"Lightning sometimes enters through a window or an electrical appliance," Delko pointed out.
"True, but it always follows the easiest route to ground...and I'm having a hard time imagining a route involving plumbing that seems to be mainly plastic." Horatio walked over to the air-conditioning stack and looked it over. "No obvious strike marks...hold on. Eric, get up here and take a look at this."
Delko clambered up through the hatch and joined him. Horatio hunkered down and touched a gloved finger to the blackened pattern on the gravel beside the AC unit. "Looks like a burn mark," he mused. "But a very oddly shaped one." The pattern was a jagged mass of angled lines, radiating from a central point.
Delko frowned. "Why would the lightning hit there? It doesn't make any sense."
"No, it doesn't...." Horatio reached down and picked up a small, triangular shard of material. He held it up and examined it; it was white on two sides, charred black on another. "Looks ceramic," Horatio noted. "The pattern suggests something circular that fractured -- maybe a plate?" Delko handed him an evidence envelope and he slipped it inside.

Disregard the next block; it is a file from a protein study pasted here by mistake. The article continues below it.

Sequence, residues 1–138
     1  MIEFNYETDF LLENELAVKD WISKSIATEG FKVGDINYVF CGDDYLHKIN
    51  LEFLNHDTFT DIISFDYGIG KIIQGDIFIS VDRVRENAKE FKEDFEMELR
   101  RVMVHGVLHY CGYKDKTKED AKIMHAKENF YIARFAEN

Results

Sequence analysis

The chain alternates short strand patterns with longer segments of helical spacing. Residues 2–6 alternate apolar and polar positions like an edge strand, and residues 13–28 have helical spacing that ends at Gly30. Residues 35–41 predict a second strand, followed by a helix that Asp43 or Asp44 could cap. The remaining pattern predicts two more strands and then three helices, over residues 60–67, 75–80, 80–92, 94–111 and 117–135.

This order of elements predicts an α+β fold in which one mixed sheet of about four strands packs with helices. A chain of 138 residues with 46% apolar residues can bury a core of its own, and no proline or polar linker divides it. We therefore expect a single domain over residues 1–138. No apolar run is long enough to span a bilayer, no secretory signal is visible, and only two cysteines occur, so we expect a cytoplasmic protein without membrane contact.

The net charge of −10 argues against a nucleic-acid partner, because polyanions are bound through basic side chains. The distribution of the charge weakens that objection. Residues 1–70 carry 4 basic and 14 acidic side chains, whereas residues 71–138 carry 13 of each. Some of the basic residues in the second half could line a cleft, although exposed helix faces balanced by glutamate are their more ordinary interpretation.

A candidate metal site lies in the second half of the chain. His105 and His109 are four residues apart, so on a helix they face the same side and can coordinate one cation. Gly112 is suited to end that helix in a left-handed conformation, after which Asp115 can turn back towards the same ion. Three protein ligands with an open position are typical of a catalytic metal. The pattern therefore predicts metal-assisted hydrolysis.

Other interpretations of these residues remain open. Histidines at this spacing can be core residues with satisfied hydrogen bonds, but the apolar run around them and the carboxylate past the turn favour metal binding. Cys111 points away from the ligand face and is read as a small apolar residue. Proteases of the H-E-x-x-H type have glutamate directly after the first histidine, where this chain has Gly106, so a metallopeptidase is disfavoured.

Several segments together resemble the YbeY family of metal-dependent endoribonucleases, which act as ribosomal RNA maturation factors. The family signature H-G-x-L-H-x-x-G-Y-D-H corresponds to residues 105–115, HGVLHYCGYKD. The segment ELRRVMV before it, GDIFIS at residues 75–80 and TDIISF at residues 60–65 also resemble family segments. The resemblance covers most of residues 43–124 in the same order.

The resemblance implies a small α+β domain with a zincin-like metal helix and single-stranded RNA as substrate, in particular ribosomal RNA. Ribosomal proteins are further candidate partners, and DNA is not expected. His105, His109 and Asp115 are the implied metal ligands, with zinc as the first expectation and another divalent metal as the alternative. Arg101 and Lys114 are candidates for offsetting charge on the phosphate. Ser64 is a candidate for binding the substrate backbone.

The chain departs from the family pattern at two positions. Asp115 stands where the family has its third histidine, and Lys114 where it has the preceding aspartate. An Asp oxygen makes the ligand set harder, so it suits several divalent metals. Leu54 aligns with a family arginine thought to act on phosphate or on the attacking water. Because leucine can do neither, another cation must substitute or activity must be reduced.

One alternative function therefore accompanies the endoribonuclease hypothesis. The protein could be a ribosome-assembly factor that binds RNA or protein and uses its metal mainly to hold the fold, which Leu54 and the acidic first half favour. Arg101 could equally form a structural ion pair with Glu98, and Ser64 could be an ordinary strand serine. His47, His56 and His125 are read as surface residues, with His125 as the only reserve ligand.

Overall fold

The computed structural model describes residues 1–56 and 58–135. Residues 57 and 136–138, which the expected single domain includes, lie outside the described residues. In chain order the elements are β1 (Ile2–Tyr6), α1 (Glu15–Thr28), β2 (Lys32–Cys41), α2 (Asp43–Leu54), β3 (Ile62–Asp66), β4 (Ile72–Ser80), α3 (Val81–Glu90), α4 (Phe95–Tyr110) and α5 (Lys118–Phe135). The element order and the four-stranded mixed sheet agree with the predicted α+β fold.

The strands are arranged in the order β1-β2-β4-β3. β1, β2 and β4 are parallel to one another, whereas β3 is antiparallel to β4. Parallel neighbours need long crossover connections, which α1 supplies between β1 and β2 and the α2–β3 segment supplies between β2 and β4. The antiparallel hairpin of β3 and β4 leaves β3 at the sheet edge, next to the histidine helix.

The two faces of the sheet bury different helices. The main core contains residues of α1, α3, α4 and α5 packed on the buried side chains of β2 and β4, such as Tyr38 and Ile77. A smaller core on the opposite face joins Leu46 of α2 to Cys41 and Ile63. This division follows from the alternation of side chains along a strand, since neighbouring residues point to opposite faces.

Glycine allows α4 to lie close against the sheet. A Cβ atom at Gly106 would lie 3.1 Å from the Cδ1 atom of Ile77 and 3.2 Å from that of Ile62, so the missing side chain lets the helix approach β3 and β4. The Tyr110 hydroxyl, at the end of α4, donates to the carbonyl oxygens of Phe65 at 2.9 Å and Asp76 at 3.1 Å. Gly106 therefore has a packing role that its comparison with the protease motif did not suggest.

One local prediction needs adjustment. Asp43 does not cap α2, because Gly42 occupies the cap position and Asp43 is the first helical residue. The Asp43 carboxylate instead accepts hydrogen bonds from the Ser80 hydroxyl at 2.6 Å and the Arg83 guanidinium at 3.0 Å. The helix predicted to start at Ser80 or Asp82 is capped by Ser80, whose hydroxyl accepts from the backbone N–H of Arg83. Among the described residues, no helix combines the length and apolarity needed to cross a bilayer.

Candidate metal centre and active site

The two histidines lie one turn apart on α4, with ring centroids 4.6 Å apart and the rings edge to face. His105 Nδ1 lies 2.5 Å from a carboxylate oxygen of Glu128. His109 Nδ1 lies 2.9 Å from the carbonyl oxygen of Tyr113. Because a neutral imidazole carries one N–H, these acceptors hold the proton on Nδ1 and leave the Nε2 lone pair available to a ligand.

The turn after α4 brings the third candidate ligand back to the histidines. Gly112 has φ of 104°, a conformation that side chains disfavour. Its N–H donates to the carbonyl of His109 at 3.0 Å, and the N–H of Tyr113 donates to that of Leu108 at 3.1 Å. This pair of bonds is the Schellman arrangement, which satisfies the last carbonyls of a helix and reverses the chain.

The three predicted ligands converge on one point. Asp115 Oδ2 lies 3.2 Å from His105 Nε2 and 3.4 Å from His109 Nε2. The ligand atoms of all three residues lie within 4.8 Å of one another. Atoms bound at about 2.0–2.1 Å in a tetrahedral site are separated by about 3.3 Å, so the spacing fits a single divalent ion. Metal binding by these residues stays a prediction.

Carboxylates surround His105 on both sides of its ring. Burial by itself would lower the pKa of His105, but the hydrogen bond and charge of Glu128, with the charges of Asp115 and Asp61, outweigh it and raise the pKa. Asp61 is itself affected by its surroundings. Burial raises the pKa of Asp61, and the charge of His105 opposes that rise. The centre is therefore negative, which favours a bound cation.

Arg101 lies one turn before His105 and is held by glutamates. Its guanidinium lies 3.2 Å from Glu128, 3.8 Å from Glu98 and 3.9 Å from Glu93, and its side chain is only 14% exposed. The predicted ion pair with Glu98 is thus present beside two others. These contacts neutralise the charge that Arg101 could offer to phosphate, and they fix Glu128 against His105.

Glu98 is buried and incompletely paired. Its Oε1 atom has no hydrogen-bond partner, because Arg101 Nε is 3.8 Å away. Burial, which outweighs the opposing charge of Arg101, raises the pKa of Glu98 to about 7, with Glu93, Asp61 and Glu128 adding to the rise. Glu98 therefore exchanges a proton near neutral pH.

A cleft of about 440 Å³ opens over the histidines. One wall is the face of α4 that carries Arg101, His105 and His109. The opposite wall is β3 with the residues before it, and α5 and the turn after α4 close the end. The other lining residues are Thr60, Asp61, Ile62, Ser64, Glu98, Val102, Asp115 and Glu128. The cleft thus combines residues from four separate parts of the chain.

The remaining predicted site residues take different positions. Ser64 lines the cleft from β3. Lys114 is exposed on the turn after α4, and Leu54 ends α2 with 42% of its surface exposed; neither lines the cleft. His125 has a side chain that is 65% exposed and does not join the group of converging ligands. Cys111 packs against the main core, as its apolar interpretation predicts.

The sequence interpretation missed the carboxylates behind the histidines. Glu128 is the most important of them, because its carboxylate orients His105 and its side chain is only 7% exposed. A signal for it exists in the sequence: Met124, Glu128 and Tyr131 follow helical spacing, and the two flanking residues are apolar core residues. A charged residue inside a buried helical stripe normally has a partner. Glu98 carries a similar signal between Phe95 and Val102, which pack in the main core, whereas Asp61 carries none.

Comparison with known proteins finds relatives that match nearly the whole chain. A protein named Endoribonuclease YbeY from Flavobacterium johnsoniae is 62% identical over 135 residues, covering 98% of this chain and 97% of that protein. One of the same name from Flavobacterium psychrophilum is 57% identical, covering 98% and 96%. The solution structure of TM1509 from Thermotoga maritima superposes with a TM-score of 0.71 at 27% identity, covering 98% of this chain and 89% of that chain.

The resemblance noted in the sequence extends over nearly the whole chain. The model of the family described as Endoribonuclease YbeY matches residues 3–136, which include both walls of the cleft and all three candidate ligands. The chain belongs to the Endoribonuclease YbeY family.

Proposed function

"Take a picture of this, will you?" Horatio scraped a small amount of material from the burn into another envelope. He held the envelope up to his nose and sniffed, then passed it to Delko. "Smell that?"
"Yeah. Definitely an accelerant, but there's something else there, too. Almost like cotton candy."
Horatio nodded. He could see from the thoughtful look on Delko's face that both of them also smelled something else.
"All right, let's process the kitchen," Horatio said. "Eric, you take the storage space, I'll start in the food prep areas."
They worked slowly and methodically. While Delko searched drawers, cupboards and shelves, Horatio sifted through bags of flour and cornmeal and lentils. They checked beneath and behind anything that could be moved, and inside anything that couldn't.
"Maybe we're looking too hard," Horatio murmured. "Maybe what we're after is in plain sight...."
He moved around the room, trying to get a feel for what was out of place. Pots, pans, cooking utensils. Plastic buckets, buspans. A sandwich bar with a cutting board and a row of plastic condiment containers. Each of the containers had its own wooden-handled knife sticking out of it, presumably so the mustard wouldn't contaminate the margarine and vice versa.
Except for one of them.
The container was full of a thick, dark liquid. He leaned over and sniffed: sweet and almost smoky. Black molasses. Now why would the rest have their own knives and not this one?